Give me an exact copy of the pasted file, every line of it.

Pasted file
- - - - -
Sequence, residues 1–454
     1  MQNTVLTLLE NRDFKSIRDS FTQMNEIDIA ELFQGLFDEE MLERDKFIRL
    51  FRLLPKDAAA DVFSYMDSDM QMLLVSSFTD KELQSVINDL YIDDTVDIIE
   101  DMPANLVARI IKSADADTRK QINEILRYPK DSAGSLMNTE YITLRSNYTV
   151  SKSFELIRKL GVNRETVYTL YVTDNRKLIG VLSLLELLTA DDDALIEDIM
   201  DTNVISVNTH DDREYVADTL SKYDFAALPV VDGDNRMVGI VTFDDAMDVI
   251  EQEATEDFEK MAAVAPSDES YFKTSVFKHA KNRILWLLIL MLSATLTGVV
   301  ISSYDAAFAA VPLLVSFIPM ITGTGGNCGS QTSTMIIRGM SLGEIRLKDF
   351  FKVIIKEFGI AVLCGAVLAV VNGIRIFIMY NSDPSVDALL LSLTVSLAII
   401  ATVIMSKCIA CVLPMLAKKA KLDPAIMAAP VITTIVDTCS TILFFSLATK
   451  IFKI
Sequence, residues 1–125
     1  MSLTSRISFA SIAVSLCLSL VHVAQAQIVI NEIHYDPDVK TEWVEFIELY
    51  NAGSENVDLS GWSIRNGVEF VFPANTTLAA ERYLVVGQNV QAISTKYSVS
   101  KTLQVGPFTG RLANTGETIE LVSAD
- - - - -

Sequence, residues 1–454
     1  MQNTVLTLLE NRDFKSIRDS FTQMNEIDIA ELFQGLFDEE MLERDKFIRL
    51  FRLLPKDAAA DVFSYMDSDM QMLLVSSFTD KELQSVINDL YIDDTVDIIE
   101  DMPANLVARI IKSADADTRK QINEILRYPK DSAGSLMNTE YITLRSNYTV
   151  SKSFELIRKL GVNRETVYTL YVTDNRKLIG VLSLLELLTA DDDALIEDIM
   201  DTNVISVNTH DDREYVADTL SKYDFAALPV VDGDNRMVGI VTFDDAMDVI
   251  EQEATEDFEK MAAVAPSDES YFKTSVFKHA KNRILWLLIL MLSATLTGVV
   301  ISSYDAAFAA VPLLVSFIPM ITGTGGNCGS QTSTMIIRGM SLGEIRLKDF
   351  FKVIIKEFGI AVLCGAVLAV VNGIRIFIMY NSDPSVDALL LSLTVSLAII
   401  ATVIMSKCIA CVLPMLAKKA KLDPAIMAAP VITTIVDTCS TILFFSLATK
   451  IFKI
Sequence, residues 1–125
     1  MSLTSRISFA SIAVSLCLSL VHVAQAQIVI NEIHYDPDVK TEWVEFIELY
    51  NAGSENVDLS GWSIRNGVEF VFPANTTLAA ERYLVVGQNV QAISTKYSVS
   101  KTLQVGPFTG RLANTGETIE LVSAD